Sprouts Farmers Market More Than Doubles On First Day (SFM)
The stock market apparently likes the food market.
Sprouts' share price jumped 123 percent to close at $40.11 after entering the trading arena with an offering price of $18. The Wall Street Journal reported that this was the largest first day bump for a U.S.-listed IPO since March 2011.
Even before underwriters begin buying shares, the company raised $333 million. The money will help the company begin some adventurous expansion plans hinted at by Doug Sanders, Sprouts CEO. Saying he thinks the U.S. could eventually support 1,200 Sprouts locations, Sanders said the company plans to expand the number of stores at a rate of 12 percent annually over the next five years.
As for the competition, Whole Foods Market (NASDAQ: WFM), co-chief executive, Walter Robb told The Wall Street Journal, "They will have more money now and more appetite for growth, but so do we." Robb added that Whole Foods had been competing with Sprouts for many years.
Sprouts’ business strategy is simple. It entices shoppers with competitively priced quality produce, then makes its profit on packaged foods and other products they buy while there.
Investor’s Business Daily pointed out that public interest in organic food offerings is on the rise, helped by trends such as juicing diets, which have increased sales of produce. The result has been consistent growth, not only for natural food companies like Sprouts and Whole Foods, but also traditional store such as Wal-Mart Stores (NYSE: WMT), The Kroger Co. (NYSE: KR), and Safeway (NYSE: SWY), all of whom have added shelf space for natural and organic products as well as vegan and gluten-free foods in recent years.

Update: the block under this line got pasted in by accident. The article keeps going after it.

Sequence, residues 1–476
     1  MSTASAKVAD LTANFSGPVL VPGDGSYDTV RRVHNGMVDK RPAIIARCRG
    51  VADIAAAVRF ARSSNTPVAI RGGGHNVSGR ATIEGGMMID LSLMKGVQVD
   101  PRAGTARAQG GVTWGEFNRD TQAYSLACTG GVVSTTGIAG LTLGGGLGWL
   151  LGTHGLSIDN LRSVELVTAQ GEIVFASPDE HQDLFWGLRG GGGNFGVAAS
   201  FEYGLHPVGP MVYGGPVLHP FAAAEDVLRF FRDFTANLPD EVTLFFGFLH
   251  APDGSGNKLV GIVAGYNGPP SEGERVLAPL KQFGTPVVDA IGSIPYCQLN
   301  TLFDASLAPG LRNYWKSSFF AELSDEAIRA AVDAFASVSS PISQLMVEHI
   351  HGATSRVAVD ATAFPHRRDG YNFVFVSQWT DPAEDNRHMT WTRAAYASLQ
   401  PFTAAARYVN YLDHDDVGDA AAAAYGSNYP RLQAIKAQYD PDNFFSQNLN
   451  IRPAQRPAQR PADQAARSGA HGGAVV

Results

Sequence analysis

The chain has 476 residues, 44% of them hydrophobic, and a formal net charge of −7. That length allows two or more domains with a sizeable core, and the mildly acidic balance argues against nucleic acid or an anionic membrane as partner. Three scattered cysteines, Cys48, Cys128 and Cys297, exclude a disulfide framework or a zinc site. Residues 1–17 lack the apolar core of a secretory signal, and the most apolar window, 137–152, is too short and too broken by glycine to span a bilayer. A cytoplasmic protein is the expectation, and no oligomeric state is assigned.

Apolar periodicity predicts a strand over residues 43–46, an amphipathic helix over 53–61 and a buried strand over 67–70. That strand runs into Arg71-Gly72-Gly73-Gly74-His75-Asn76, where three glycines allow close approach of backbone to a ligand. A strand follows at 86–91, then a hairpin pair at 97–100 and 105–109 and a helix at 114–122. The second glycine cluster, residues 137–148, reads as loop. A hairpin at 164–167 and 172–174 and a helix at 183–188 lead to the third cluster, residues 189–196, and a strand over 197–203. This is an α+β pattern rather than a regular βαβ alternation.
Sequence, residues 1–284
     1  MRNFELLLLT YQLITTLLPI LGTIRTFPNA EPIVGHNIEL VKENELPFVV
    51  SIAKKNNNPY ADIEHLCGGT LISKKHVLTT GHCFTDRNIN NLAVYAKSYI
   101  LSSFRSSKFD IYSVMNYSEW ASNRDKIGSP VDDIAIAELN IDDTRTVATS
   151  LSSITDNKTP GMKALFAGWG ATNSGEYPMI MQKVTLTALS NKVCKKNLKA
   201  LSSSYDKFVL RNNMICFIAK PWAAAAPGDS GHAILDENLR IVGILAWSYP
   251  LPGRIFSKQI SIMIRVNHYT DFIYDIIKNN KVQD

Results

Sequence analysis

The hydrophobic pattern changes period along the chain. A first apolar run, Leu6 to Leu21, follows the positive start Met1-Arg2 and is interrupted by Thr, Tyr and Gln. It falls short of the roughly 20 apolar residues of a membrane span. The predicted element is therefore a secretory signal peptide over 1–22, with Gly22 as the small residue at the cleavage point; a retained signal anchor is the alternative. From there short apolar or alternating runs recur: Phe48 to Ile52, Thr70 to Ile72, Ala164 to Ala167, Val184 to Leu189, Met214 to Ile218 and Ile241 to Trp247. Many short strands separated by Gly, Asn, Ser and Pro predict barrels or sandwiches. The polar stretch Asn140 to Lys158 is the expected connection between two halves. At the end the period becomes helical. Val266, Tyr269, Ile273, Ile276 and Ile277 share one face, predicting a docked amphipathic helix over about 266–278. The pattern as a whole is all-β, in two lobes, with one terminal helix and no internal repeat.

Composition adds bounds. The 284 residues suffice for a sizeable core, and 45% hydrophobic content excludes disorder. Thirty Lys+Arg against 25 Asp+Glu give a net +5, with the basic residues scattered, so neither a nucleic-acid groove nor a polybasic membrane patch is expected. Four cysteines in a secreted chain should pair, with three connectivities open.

While Sprouts is gearing up to be a national player on the organic and natural foods stage, Whole Foods feels as if it is already there. Reporting a 19 percent bump in Q3 earnings, which exceeded analysts’ estimates by a penny, according to Investors Business Daily, the company has seen revenue and EPS growth in the double-digits for every quarter since March 2009.
Related: Whole Foods Falls After Q3 Report
The Wall Street Journal reported that Brian Yarbrough, consumer analyst at Edward Jones said, "Whole Foods is the only national player, and no one has the customer service and store environment that they do."
Sprout’s isn’t intimidated. Playing organic David to Whole Foods’ Goliath seems to be about where CEO Sanders wants to be.
"We're in the early innings of this,” Sanders told The Wall Street Journal, “and there's a lot of room for expansion across the country."
Phoenix-based Sprouts currently operates 163 stores primarily in the Southwest.
At the time of this writing, Jim Probasco had no position in any mentioned securities.
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